7:00 am: Wake up and drink some coffee
8:30 am: First meeting with your adviser
10:00 am: First graduate class
11:30 - XX: ?????
Okay, so you just moved in to your shiny (or for most of us on a grad student budget, somewhat grimy) apartment. IKEA furniture is still in pieces on the floor - who has time for that anyway when you have your FIRST DAY of graduate school ahead of you? You've got it all planned out. First, you'll have coffee, because did you really even wake up if you aren't fueled by caffeine? Next, you'll meet with your adviser to talk about your project and the term ahead for the first time. Next, you have your first graduate class coming up, which, I'm not going to sugar coat it, will be hard, but it'll definitely be interesting. Then you'll......what?
No, seriously, what are you going to do after that? Like, how does that first day even shape out? Do you stick around and do research? You don't even know the layout of the lab, much less what your project truly entails to actually get some experiments going. Do you do homework? Nah, it's the first day of class, you realistically won't have homework. So....what do you actually do the rest of the day? You don't want to just go home because let's be real. You came to grad school. You're motivated. You didn't get there by twirling your thumbs in math class all the time.
I know I hated the uncertainty of what to do on that first day when I didn't know what to expect. So, to help avoid that same thing happening to you, here are a few tips on what you CAN do to be productive without going nuts and spinning your wheels.
1. Go on a walk
No seriously, go on a walk around the buildings and campus. Unless this is the same school you went to undergrad at, you don't know the lay of the land. You don't know where the administrative offices are, you don't know where the gym is, etc. If you want to be cool and show off to all of your new grad friends, take a walk and discover all of the resource locations that you need to know for the next 4-6 years.
2. Read some papers
Easily one of the most underappreciated aspects of science in new scientists is reading papers before starting experiments. You are going to read. A LOT. You'll end up reading dozens and dozens of papers in your field on your project and still need more literature. Get started ASAP and it will make your life way easier in the long run.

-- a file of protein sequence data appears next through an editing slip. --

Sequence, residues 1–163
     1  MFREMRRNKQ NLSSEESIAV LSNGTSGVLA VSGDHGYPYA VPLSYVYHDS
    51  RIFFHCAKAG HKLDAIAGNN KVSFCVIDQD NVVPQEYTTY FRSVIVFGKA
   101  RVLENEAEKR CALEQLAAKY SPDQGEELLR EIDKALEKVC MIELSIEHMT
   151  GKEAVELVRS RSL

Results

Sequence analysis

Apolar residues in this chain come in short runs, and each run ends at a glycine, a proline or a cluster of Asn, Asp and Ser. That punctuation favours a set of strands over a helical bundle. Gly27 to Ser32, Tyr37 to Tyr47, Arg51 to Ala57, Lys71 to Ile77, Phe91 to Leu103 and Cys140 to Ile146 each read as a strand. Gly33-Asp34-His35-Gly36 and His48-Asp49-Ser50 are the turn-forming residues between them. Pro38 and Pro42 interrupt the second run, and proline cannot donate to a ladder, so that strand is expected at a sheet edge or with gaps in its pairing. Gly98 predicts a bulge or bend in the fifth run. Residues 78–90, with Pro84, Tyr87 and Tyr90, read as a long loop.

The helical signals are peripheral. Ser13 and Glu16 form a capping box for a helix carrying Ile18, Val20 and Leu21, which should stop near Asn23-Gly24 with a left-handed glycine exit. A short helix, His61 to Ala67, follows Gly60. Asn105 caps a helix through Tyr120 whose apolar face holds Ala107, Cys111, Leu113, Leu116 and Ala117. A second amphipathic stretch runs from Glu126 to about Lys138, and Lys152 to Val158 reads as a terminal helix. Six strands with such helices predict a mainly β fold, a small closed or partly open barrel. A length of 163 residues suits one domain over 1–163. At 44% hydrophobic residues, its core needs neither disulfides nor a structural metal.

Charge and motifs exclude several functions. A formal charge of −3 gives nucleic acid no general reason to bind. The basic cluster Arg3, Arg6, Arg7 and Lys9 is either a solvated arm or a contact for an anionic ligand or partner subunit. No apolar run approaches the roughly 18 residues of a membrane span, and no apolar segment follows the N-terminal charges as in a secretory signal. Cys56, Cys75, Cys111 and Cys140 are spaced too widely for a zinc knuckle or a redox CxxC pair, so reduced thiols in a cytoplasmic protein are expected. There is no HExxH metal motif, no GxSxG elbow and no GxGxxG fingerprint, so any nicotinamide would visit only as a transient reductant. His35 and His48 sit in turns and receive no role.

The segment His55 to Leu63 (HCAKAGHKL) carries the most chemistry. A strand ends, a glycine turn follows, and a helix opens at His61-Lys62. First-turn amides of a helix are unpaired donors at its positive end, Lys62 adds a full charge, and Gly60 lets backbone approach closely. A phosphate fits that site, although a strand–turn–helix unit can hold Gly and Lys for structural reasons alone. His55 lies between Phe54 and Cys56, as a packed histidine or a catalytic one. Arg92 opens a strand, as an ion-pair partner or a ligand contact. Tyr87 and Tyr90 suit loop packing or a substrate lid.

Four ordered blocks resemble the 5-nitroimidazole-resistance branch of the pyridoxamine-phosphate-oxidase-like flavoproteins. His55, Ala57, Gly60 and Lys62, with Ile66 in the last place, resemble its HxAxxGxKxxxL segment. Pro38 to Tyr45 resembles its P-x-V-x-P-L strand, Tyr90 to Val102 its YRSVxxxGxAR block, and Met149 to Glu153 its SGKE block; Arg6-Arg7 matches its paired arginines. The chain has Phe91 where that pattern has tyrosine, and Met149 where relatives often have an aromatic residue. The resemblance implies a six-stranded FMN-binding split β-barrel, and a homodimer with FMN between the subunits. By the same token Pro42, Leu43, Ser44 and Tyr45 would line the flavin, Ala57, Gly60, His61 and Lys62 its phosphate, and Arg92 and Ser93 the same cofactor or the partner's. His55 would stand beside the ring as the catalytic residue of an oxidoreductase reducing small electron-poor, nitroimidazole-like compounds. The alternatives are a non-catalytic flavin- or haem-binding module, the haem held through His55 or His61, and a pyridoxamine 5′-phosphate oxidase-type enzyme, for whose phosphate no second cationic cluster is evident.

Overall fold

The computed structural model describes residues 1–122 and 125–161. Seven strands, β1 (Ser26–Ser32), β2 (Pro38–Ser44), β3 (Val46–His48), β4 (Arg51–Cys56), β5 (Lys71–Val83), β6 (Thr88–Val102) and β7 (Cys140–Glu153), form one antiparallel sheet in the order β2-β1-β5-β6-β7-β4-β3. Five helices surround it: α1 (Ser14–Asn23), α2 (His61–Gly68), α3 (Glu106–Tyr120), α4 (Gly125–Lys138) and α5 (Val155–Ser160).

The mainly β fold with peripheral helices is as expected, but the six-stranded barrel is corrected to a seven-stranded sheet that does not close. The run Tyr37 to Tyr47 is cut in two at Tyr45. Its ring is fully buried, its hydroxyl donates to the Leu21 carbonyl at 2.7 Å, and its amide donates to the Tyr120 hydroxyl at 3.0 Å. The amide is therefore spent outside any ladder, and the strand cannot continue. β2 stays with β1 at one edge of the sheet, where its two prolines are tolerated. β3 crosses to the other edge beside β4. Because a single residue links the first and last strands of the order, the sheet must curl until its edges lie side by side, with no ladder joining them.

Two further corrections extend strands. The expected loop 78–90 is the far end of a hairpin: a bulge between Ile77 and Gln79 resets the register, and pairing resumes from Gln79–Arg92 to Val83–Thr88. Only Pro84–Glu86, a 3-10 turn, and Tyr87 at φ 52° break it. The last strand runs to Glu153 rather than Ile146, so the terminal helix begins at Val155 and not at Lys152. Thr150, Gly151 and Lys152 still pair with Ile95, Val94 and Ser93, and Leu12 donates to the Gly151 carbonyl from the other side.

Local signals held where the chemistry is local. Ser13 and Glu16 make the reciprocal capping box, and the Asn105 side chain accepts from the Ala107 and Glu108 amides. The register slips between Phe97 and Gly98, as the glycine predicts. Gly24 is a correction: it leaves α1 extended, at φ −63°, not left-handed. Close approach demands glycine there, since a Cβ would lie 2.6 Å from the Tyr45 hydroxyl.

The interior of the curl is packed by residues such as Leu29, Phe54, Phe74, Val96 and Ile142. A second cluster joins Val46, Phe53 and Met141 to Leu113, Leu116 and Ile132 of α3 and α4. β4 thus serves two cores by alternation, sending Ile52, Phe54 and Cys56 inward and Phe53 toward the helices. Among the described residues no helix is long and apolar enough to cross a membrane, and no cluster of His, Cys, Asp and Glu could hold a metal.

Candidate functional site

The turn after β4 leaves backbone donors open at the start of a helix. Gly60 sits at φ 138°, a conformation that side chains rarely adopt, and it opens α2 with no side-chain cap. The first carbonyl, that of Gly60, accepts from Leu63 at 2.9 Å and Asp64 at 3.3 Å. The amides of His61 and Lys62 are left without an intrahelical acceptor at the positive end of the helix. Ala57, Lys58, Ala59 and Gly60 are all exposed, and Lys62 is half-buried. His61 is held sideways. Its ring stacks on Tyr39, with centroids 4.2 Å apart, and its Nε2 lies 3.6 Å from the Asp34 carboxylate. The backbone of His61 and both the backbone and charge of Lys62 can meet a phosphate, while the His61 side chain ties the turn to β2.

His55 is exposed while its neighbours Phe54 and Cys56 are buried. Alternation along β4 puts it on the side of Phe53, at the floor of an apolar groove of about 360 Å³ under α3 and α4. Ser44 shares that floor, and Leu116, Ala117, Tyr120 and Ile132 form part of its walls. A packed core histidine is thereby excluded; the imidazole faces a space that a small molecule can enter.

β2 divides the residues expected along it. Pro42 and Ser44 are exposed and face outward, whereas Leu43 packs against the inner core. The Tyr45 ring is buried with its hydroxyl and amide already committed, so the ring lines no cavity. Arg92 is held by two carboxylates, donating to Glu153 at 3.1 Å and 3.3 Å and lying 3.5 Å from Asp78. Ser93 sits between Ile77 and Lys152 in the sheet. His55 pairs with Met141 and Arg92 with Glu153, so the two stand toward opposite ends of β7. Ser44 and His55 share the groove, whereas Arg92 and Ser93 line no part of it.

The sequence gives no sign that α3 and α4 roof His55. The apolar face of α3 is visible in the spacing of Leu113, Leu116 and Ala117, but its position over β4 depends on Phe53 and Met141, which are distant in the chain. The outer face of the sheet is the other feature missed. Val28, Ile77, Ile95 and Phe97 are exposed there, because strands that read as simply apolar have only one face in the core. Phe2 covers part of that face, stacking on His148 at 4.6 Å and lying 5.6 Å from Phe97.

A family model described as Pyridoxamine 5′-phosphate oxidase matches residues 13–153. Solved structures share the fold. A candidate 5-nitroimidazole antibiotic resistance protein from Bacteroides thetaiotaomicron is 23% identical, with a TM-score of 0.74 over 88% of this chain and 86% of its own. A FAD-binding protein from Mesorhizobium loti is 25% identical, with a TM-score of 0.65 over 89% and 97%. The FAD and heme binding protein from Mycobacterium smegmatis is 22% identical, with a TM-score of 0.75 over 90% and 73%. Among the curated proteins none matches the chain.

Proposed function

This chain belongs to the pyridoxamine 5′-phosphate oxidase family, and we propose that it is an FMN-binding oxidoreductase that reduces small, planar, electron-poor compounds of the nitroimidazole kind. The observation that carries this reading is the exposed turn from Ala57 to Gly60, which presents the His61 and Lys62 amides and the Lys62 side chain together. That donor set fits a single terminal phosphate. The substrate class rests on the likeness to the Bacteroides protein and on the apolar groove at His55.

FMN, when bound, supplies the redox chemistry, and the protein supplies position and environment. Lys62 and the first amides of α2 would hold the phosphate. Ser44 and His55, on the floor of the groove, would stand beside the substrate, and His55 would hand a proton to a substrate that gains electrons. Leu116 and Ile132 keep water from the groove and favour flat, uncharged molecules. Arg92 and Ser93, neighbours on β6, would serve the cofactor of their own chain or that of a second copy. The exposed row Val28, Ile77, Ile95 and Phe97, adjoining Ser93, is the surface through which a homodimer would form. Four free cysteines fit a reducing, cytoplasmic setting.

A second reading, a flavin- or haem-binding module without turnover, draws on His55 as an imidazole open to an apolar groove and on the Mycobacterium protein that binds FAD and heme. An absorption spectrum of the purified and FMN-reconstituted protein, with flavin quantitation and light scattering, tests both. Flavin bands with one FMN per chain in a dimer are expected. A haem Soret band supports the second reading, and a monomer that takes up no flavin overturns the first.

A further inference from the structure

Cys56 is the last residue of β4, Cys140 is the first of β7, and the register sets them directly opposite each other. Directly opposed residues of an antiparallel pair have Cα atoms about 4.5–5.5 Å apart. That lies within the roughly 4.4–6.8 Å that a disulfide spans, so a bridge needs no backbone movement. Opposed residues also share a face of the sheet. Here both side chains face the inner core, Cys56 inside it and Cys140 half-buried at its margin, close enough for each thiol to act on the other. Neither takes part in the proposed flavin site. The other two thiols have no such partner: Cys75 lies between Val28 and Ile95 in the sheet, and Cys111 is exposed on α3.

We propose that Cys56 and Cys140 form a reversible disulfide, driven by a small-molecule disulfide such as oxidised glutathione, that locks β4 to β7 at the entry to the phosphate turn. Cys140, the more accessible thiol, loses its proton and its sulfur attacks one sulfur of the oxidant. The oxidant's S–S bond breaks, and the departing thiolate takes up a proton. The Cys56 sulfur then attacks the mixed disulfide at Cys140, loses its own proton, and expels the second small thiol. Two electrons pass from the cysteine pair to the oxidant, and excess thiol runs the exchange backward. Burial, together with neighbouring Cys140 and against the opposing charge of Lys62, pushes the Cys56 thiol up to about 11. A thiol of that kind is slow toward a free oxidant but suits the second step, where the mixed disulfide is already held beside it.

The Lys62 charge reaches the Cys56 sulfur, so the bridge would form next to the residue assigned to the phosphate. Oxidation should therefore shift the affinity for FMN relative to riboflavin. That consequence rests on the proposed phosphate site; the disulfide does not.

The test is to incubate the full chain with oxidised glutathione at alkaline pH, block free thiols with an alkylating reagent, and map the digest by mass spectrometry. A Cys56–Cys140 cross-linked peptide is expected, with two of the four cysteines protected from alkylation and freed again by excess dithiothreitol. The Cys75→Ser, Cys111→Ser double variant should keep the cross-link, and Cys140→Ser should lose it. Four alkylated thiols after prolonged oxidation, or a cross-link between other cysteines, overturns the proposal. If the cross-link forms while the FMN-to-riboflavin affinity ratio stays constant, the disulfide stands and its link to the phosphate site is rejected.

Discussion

3. Set up your schedule
I live by google calendar. From classes and meetings, to when I'm eating lunch and working out. If you have a schedule, you're way more likely to actually do the things you're going to say you're going to do. Plus, you won't have to worry about missing an all important rendez-vous with your adviser on a Tuesday afternoon at lunch! That's always a bonus.
4. Organize your lab notebooks
This is a saving grace. You don't need to be the world's most optimized, clean, structured, grad student, but you also shouldn't be willy-nilly with your documentation either. I personally have 3 different binders - one for my written lab notebook, one for my papers and their annotations, and one for protocols. I also keep an electronic lab notebook. Set up the organization for these things on this day, and you'll have a much easier time keeping track of everything the rest of the semester. Plus, your adviser will surely take notice and be more likely to want to keep you around as a student!
I know there are only 4 things here, but you would be amazed at how long it will actually take you to do all of these. Reading papers specifically will take you a lifetime. But I know I wish someone had pointed these tasks to me before I started my first day so I didn't have so much apprehension going in.